Ash Wednesday Begins The 40-Day Lenten Season, Costumes, Beads, Music Marked New Orleans’ Fat Tuesday Celebrations
NEW ORLEANS (AP) — It's Ash Wednesday, beginning of the 40-day Lenten season and churches are holding Ash Wednesday masses.
The Lenten season is the holy and sacred period leading up to Easter on March 27.
Christians will be attending services to receive the crosses of ash throughout the day symbolize penance.
The next 40 days of fasting and prayer symbolize the days Jesus spent fasting in the desert before starting his ministry.
Several churches including First United Methodist in Baton Rouge and Munholland United Methodist in Metairie have set up mobile ash distribution sites.
Yesterday, on Fat Tuesday, dressed in elaborate costumes, dancing to the beat of brass bands and clamoring for beads from passing floats, thousands of people gathered in the streets of New Orleans to mark the culmination of the famous Mardi Gras celebration.
The last day of parades rolled along St. Charles Avenue and Canal Street, float riders throwing beads to bystanders as revelers in other parts of the city like the French Quarter and the Marigny partied in the streets in elaborate costumes.
Fat Tuesday is the last day of the Carnival season.
"It's fun. You see all the people. You see everybody dressed up, and you have a good time. I love New Orleans," said Barbara Tate, who came down from Maryland for the holiday.
When it comes to Mardi Gras, anything goes for costumes. Caroline Thomas, from New Orleans, spent weeks creating her elaborate costume featuring a massive feathered headdress so striking that bystanders wanted to take photos with her. "I'm not anything specific because I think the beauty of Mardi Gras is that you don't have to be a thing. You just have to look cool," she said. "I just wanted to be my own Mardi Gras priestess." Others costumes included an man wearing a Steve Harvey mask standing with two women wearing beauty queen sashes that read "Miss Colombia" and "Miss Philippines," in homage to Harvey's blunder at the Miss Universe contest. One woman dressed as a jellyfish while others dressed as dragons.
The Krewe of Zulu parade is put on by the Zulu Social Aid & Pleasure Club, a historically black organization in New Orleans. Their parade dates back to roughly 1910, and is followed by the Rex Organization's parade, which dates back to 1872. Rex's history is closely tied with Mardi Gras traditions. For example, Rex's colors — purple, green and gold — have become the symbolic colors of Mardi Gras as well. The two truck parades that follow Rex mark the end of the major parades in the city until 2017.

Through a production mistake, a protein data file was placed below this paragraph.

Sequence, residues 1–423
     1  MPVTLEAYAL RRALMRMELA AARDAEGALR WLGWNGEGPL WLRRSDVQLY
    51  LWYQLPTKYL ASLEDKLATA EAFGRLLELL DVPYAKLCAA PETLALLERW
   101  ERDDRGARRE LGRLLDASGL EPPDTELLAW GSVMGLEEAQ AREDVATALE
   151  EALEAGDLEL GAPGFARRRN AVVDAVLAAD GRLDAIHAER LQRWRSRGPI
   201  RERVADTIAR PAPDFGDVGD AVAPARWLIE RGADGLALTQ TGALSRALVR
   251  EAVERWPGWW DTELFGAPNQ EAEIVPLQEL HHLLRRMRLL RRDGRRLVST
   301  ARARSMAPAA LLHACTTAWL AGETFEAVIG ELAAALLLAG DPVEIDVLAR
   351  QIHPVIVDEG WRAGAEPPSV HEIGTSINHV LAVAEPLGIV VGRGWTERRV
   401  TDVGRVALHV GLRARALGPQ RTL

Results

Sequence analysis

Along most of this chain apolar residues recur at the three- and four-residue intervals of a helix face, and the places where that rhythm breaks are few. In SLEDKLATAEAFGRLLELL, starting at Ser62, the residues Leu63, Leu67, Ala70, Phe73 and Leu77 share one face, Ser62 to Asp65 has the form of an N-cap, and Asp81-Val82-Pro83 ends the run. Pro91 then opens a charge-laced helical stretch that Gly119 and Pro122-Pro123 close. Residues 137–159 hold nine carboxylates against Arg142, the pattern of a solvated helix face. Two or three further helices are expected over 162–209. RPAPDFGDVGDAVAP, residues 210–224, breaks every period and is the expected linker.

After the parades, the street party generally moves to the French Quarter, where revelers pack Bourbon Street and the celebration gets a bit more risque. The festivities come to an end at the stroke of midnight when a wedge of mounted police officers rides down Bourbon to clear it of revelers and declare the party over.
Riders on the floats generally wear masks and throw beads or other specially made trinkets to people along the parade route. One especially prized "throw" is the coconuts given out by members of Zulu. The coconuts have been hollowed out, and the outside hair is removed; they're then decorated with glitter or elaborate designs. Riders in the Zulu parade also threw out small stuffed animals, specially decorated beads and hats with the words "Zulu" emblazoned in yellow.
Despite Mardi Gras' reputation as being a raucous, adults-only party, much of the celebration is actually family-friendly. Families lined up early along the side of the streets or on the median — called the neutral ground in New Orleans — to get a good seat, often bringing ladders with specially designed seats on top for kids to sit in and catch beads or throws. Naomi Shows, from Covington, Louisiana, came to the French Quarter with her three children, their black-and-white faces painted like skeletons inspired by Dia de los Muertos, the Mexican Day of the Dead: "It's been a tradition here for so long. They grow up with it, and they love it.
Before sunrise Tuesday, about 100 people turned out at the Backstreet Cultural Museum to see the North Side Skull & Bone Gang come out. The gang is a longtime Mardi Gras tradition. Members wear costumes resembling skeletons with papier-mache masks covering their heads. They go through the neighborhood waking people up on Fat Tuesday.
Dabne Whitemore came to the door in her white bathrobe after hearing the gang and its drums coming from down the street: "I was laying in my bed upstairs in the back, and I heard the drums coming and I knew it was time… They come and wake me up every morning for 15 years."
Cold. Winds gusting up to 30 mph made mid-40s temperatures feel lower. People along the parade route wore thick jackets and hats, and wrapped themselves under layers of blankets as they watched the floats roll by. Tate, from Maryland, said it was fun but a little chilly: "I was hoping it would be a bit warmer. I didn't know I needed to bring long underwear."
– by AP Reporter Rebecca Santana